Conspiracies to Commit Crimes: Will One Affect You?

Posted by Joseph D. Lento | Aug 21, 2020 | 0 Comments

Recently in Pennsylvania, two teenagers allegedly plotted a murder-for-hire scheme. Both face charges. Both face the consequences. The boyfriend-girlfriend pair planned to hire a murderer to do away with the girl's stepfather — while the targeted victim was supposedly safe in his home.

The morbidly enterprising teens had already recruited an individual to commit the crime. Fortunately, instead of going through with the plan, the would-be murderer contacted authorities instead.

Why would two young individuals decide to act in this way? How did they have the idea to murder in this manner? And - more chillingly - what effect will this have on your personal safety?

Murder-For-Hire: Instant Retaliation

Before the teens formed the conspiracy, the girl's stepfather had found them in bed together and reacted poorly afterward. Angered, the girl went to Snapchat and spread false accounts regarding sexual assault by her stepfather. Then, the girl's boyfriend also used his Snapchat connections to contact a male individual who could kill the intended victim.

The informant provided screenshots to the police detailing their conversation. In their back-and-forth, the boyfriend provided precise details of the would-be victim's schedule. After an undercover officer posed as a potential accomplice to collect damning evidence, the two teenagers admitted to the plot.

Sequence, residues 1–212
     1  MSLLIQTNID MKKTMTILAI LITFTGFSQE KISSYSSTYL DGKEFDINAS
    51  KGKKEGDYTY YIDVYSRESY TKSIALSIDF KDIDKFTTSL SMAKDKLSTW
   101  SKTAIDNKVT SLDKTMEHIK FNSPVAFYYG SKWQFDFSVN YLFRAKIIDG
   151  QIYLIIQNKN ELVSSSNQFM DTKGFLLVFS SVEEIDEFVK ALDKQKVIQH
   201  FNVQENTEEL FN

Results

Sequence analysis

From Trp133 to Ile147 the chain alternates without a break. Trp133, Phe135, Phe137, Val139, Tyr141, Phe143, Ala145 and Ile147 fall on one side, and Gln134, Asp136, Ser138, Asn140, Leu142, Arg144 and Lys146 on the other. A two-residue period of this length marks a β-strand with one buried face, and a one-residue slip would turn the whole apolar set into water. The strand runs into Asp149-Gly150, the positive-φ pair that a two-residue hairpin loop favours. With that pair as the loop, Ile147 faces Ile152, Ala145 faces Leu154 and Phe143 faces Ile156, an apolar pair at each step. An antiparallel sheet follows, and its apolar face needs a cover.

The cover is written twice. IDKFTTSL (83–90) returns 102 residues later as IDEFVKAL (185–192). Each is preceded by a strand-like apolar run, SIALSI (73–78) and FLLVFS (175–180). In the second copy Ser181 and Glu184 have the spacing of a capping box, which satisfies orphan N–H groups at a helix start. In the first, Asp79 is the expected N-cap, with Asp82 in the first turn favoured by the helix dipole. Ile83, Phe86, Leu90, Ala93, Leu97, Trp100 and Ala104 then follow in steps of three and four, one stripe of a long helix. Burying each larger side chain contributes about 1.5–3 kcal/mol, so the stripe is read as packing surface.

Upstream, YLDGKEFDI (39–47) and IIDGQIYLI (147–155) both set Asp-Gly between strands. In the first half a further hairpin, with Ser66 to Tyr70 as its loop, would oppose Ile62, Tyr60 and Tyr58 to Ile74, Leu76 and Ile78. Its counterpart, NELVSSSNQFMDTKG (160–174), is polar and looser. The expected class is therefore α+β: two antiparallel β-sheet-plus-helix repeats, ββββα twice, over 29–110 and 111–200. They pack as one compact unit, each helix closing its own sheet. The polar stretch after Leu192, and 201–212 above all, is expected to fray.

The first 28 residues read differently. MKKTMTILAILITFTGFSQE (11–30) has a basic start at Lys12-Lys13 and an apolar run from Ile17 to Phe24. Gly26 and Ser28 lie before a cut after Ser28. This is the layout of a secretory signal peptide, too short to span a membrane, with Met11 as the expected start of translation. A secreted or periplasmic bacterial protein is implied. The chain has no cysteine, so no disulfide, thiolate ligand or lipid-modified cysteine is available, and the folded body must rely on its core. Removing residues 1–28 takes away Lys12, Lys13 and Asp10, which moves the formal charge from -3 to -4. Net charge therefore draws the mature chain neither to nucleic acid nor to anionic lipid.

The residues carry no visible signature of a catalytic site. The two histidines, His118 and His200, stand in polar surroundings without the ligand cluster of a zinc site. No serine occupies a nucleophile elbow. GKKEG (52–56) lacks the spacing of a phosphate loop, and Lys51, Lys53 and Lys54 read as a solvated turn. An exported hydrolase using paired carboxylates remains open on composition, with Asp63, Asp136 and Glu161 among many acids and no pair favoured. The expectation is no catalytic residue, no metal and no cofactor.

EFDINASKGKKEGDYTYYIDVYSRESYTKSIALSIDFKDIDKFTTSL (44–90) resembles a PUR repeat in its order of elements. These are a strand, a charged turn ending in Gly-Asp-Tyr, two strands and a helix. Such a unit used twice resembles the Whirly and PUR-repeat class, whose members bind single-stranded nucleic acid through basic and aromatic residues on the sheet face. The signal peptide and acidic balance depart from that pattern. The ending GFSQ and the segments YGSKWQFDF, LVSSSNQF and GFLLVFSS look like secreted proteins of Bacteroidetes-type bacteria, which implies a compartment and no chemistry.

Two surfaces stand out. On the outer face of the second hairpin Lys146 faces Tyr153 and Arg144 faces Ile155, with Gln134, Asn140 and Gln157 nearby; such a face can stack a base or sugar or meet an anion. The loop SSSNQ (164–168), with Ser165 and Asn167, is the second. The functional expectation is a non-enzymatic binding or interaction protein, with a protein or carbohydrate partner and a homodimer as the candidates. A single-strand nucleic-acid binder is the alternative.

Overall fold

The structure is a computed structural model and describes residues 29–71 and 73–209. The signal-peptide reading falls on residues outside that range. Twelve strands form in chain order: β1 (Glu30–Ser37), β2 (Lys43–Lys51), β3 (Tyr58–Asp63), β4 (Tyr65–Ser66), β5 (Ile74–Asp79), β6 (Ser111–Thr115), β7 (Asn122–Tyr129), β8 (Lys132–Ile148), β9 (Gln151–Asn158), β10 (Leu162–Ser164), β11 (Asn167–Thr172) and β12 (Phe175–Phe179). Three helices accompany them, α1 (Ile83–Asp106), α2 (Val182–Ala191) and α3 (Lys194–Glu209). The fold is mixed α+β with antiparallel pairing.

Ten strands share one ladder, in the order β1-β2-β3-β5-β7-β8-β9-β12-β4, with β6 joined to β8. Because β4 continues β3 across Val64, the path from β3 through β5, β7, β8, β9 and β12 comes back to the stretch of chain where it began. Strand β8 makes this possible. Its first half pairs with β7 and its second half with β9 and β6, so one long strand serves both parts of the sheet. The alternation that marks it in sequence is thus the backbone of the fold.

The planned hitman later revealed that he had thought the teen's request “was a joke.” By taking the request seriously, however, he may have saved the potential victim's life.

Other Conspiracies to Commit Crimes: How Often Does This Happen?

According to Cornell Law, U.S. jurisdictions look for three criteria to define a conspiracy:

  1. A verbal or written agreement by two or more to commit an illegal or violent act;
  2. Clear intent to achieve the goal of the agreement; and
  3. Clear action in the direction of that goal.

In the above story, the teen's Snapchat conversations, the recruitment of the assassin-turned-informant, and the boyfriend's actions with the undercover officer constituted these items.

Fortunately, it seems that these types of contract killings do not happen very often. While accounts of “unconsummated contract killings” fly across national headlines regularly, a 2003 Australian study showed that only 2% of committed murders are the result of a completed contract. Moreover, the Atlantic reports that most instigators - or persons who hire hitmen - get caught “because they don't know what they're doing.”

While your likelihood of becoming a hitman's target is low, there is a side effect of stories like these that you may find worrisome. These stories can spark widespread paranoia. Stories like these can cause people to make accusations against others more freely.

If you believe you are facing unjust accusations for a crime you did not commit, it is imperative you work with an experienced defense lawyer. Doing so may present your best chance of a favorable outcome. Call the LLF Law Firm right away at 888-535-3686. We can help guide you through the processes ahead and help you protect your rights.

About the Author

Joseph D. Lento